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Lat: 4.0°N, Long: 1.1°E, Diam: 13 km, Depth: 2.63 km, Rükl: 33

external image normal_Chladni_LO-IV-102H_LTVT.JPG


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- The search for possible appearances of crater Chladni on orbital photographs made during one or more missions of the Apollo project is a worthwile pastime. A candidate mission is Apollo 10, in which several oblique north-looking photographs were made of the nearby eastward located Triesnecker rille system.- DannyCaes May 29, 2010
- Apollo 10's AS10-32-4734 shows an oblique west-northwest looking view of Chladni during local sunrise. The crater near the frame's lower right corner is Triesnecker.
- Apollo 10's AS10-32-4821 shows Chladni in the lower right quadrant of the frame. The large eroded craters near Chladni are the couple of Murchison and Pallas.
- Chladni was also captured on several oblique north looking Fairchild camera frames made during the mission of Apollo 16. One of those frames is AS16-M-0842, in which bowl shaped crater Chladni is detectable near the central part of the curved horizon.
Research orbital Apollo 10 and Apollo 16 photography: Danny Caes


(LAC zone 59C4) LAC map Geologic map AIC map


Description: Wikipedia


Additional Information


  • Named for Ernst Florens Friedrich Chladni (November 30, 1756 - April 3, 1827), a German physicist. In 1794, Chladni published a book in which he proposed that meteorites have their origins in outer space. This was a very controversial statement at the time, and with this book Chladni also became one of the founders of modern meteorite research. One of Chladni's most well known achievements was inventing a technique to show the various modes of vibration in a mechanical surface. Chladni's technique, first published in 1787 his book, Entdeckungen über die Theorie des Klanges, consists of drawing a bow over a piece of metal whose surface is lightly covered with sand. The plate is bowed until it reaches resonance and the sand forms a pattern showing the nodal regions . Since the 20th century it has become more common to place a loudspeaker driven by an electronic signal generator over or under the plate to achieve a more accurate adjustable frequency. Variations of this technique are commonly used in the design and construction of acoustic instruments such as violins, guitars, and cellos.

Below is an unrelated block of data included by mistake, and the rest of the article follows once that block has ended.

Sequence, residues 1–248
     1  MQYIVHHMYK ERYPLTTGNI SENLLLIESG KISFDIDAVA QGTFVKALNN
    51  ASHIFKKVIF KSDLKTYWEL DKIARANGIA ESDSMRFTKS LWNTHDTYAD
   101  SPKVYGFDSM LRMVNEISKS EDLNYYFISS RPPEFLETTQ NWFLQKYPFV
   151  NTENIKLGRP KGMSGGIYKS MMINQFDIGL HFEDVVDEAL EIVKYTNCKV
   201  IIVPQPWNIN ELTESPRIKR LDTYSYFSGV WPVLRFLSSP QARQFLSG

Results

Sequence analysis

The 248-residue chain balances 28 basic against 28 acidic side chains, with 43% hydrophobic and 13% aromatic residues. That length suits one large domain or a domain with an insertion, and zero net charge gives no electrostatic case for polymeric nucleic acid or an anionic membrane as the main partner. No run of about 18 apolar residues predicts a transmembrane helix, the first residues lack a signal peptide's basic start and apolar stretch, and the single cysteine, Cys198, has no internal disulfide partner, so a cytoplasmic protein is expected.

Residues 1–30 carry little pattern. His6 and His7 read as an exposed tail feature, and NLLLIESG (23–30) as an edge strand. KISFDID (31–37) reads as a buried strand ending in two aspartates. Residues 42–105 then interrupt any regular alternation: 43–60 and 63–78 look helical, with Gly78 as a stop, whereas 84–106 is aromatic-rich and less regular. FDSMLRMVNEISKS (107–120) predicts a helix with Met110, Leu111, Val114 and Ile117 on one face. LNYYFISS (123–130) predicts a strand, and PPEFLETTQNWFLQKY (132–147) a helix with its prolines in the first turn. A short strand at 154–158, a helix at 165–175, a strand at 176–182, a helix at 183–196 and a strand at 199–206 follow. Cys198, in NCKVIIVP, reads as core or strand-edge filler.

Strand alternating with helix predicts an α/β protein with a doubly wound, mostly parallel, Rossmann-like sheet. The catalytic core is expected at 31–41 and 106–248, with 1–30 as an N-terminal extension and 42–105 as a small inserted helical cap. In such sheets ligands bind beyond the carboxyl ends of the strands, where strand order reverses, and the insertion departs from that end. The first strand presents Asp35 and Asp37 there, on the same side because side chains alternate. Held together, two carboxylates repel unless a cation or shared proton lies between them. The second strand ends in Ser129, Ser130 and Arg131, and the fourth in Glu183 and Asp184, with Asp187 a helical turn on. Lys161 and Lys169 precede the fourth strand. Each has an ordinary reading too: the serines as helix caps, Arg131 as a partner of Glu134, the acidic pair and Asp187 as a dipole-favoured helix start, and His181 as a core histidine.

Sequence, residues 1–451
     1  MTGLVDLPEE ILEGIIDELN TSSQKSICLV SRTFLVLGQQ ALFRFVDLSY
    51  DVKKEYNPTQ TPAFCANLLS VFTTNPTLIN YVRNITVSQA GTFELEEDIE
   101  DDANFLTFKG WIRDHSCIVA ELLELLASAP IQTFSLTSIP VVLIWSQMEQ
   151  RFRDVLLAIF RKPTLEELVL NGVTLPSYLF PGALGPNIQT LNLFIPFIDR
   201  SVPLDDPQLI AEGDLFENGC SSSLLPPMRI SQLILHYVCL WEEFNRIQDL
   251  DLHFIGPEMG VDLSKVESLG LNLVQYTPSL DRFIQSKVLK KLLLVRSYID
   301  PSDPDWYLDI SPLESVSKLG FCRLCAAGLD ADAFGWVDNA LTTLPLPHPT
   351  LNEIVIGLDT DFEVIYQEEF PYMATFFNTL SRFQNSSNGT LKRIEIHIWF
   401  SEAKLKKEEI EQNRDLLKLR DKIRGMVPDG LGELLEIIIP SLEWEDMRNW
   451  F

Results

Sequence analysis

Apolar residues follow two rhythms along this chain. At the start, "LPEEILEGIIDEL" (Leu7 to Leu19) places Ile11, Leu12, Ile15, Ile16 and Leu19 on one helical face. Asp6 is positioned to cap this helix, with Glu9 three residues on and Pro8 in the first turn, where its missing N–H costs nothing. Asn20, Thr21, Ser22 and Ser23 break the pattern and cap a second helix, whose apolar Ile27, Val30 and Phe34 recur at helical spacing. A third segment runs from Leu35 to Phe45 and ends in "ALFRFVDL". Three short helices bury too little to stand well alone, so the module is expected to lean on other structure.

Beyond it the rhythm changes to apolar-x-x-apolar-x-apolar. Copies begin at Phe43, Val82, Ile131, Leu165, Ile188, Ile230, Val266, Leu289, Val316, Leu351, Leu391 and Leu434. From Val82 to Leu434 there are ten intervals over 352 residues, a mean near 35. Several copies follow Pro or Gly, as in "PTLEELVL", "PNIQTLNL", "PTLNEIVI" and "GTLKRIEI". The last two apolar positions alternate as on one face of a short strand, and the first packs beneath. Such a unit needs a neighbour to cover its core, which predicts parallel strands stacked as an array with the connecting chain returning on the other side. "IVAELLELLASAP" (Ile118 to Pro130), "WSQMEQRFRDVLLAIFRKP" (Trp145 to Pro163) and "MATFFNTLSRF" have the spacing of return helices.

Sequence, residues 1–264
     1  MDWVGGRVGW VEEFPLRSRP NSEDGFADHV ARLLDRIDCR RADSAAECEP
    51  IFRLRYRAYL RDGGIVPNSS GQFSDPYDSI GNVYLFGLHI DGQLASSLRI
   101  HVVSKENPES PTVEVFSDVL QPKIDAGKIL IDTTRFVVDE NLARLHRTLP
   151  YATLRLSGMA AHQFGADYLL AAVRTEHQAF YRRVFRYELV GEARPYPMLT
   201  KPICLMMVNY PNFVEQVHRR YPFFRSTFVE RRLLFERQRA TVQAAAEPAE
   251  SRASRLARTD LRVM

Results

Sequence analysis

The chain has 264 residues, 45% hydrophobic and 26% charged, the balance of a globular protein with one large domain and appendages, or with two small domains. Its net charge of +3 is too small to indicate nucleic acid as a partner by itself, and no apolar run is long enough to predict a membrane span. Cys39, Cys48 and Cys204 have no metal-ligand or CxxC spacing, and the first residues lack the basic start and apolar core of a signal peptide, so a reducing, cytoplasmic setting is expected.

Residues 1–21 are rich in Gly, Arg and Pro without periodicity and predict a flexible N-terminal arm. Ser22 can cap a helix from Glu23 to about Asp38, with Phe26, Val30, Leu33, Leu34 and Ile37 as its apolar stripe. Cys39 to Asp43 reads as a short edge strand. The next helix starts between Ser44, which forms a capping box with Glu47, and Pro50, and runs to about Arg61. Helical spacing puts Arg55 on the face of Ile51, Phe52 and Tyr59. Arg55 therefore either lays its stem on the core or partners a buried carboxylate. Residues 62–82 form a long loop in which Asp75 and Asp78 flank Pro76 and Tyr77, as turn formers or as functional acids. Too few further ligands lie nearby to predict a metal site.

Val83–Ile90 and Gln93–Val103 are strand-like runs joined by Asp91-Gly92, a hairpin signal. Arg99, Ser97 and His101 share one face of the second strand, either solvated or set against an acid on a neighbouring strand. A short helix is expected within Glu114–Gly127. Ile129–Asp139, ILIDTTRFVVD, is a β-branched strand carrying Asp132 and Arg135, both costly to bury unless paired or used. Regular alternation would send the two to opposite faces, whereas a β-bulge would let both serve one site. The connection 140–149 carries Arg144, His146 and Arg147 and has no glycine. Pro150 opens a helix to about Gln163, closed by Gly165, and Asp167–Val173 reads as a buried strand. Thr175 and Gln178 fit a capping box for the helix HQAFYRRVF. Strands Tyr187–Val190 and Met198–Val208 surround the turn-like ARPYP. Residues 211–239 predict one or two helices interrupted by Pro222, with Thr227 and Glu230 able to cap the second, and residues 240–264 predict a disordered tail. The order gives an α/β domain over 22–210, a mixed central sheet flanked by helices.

• This crater, known as Triesnecker A to Beer and Mädler and their follows, was Catalog Number 865 in Mary Blagg's Collated List.
  • In the original IAU nomenclature of Named Lunar Formations the name Chladni was substituted, following a suggestion made by Julius Schmidt when preparing Lohrmann's charts for publication.
  • A very small formation on the western inner slope of Chladni (very near the floor of the crater) seems to be known as the Flaming Heart Moon Fish (source: Moon Zoo). - DannyCaes Jan 26, 2016

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